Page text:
As much as I love the variety and diversity of the music shops in Seattle, I sometimes think the stores in Portland, Ore. are better stocked.
I average a visit to Portland every 18 months, and they always end up being expensive visits. It’s also hard to exercise restraint when Oregon doesn’t have a sales tax.
This list in not comprehensive in any way because I usually don’t give myself enough time to explore all the city’s offerings. But when I visit, these are my regular destinations.
I visit the Seattle location of Everyday Music every week, but I go crazy when I visit the stores in Portland. The Portland stores have more square footage, and I guess my tastes are esoteric enough that I end up grabbing someone else’s rejects. Example: I cleaned out the Meredith Monk CD section on one visit to the Burnside store.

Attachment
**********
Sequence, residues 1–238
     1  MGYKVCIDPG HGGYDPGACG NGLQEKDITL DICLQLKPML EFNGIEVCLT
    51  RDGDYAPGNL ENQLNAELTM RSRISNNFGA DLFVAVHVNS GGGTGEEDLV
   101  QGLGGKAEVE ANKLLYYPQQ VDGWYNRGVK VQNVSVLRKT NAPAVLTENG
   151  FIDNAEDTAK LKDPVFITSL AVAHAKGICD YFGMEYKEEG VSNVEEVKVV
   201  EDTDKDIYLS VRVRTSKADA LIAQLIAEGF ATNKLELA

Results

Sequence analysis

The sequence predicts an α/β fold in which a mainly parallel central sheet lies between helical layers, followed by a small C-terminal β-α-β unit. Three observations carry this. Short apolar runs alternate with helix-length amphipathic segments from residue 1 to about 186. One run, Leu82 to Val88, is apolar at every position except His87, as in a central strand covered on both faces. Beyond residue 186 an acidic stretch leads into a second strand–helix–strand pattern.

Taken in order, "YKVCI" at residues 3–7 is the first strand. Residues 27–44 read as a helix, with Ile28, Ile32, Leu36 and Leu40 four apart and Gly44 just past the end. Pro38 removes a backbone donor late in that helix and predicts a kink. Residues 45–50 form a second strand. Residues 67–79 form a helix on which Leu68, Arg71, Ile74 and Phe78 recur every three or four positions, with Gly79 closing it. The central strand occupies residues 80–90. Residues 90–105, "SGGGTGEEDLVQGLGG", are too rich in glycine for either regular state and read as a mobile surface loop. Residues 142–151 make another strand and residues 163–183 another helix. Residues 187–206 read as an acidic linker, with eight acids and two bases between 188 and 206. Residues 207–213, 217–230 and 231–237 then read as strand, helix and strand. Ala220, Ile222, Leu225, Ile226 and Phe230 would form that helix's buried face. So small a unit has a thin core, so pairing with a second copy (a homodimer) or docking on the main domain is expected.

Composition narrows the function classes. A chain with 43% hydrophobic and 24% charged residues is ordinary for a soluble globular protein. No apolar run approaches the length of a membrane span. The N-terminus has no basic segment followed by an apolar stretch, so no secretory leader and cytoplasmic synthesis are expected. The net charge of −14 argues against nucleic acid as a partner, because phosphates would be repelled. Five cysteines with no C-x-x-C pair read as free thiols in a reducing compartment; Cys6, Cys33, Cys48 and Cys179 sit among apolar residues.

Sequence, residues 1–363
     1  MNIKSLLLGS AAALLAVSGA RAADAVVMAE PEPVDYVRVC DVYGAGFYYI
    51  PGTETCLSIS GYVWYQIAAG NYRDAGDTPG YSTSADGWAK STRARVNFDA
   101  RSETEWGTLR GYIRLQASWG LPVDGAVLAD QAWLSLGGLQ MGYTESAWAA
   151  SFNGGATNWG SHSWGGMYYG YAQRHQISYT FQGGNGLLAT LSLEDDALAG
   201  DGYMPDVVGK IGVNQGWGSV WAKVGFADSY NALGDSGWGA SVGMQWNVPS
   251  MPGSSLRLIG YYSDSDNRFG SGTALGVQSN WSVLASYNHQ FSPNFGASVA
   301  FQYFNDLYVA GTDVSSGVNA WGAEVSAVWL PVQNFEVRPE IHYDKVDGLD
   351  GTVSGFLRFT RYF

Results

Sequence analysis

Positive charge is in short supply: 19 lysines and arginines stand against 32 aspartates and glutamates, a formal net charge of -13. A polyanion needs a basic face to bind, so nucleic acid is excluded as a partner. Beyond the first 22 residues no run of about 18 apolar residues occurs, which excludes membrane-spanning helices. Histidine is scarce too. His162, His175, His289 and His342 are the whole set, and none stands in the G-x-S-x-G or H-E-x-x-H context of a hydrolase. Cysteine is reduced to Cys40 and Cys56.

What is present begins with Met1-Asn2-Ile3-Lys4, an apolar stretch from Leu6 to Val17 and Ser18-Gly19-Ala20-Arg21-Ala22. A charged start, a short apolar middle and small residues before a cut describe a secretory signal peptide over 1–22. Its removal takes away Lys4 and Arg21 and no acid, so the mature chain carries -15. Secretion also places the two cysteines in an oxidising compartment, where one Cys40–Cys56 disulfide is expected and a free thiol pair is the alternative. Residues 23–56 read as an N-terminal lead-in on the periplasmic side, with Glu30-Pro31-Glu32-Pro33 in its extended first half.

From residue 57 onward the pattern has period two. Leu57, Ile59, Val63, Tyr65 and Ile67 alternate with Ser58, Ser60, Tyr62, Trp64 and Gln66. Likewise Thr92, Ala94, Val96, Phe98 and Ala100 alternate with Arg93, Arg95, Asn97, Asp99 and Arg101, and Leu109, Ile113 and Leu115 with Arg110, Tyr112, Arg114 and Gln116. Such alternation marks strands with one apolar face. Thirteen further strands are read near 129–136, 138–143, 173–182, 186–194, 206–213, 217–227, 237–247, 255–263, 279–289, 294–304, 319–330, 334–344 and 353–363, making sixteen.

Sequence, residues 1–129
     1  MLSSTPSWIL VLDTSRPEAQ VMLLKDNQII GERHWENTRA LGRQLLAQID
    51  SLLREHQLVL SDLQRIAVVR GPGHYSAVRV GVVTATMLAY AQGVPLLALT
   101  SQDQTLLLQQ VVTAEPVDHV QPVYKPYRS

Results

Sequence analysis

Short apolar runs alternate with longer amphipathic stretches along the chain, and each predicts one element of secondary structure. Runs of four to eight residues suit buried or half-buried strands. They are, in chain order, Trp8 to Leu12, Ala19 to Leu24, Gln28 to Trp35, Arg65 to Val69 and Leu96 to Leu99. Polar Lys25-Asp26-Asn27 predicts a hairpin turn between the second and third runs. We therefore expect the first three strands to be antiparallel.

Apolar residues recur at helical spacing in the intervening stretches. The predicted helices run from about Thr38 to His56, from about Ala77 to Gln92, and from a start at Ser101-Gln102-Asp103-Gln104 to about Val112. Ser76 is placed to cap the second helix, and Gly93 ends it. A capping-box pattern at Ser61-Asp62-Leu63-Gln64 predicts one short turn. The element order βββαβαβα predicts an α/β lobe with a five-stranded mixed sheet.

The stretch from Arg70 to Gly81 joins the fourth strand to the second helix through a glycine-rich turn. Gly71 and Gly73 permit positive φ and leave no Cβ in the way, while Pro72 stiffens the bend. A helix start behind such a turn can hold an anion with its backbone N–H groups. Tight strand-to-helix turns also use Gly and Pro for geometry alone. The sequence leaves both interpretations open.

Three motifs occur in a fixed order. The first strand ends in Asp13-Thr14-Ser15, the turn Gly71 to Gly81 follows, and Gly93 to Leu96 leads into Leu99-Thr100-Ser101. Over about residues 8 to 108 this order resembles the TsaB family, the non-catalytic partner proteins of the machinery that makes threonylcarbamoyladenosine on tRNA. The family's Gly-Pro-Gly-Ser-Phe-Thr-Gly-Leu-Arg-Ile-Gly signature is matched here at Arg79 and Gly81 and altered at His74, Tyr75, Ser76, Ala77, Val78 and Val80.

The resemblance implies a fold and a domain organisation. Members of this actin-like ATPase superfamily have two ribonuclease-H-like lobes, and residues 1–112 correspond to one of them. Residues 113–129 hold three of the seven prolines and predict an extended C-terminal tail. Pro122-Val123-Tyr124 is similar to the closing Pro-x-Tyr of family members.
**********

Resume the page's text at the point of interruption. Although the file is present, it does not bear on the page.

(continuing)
The Seattle store also tends to have a loose interpretation of vinyl grades. I find the grading at the Portland stores a bit more aligned to reality.
I didn’t have a very good impression of Music Millennium at first. I visited in 1998, but I was too enamored of Waterloo Records in Austin to make a fair comparison. Another visit in 2014 was no better.
But then my last two visits in 2016 and 2017 convinced me that Music Millennium was an essential destination. My purchasing priorities have changed a lot since those first visits, and Music Millennium have done me well since.
2nd Avenue Records
The punk and metal stock is where this store excels, but I found some out-of-the-way items here as well. It’s really easy to get lost exploring every genre in the shop.
Crossroads is actually a marketplace with a number of vendors sharing a space. Had I planned better, I would have spent half a day there. But in the hour I did spend, I found an original pressing of Smashing Pumpkins’ Gish and Soldier String Quartet’s Sequence Girls.
Photo: Music Millennium Facebook Page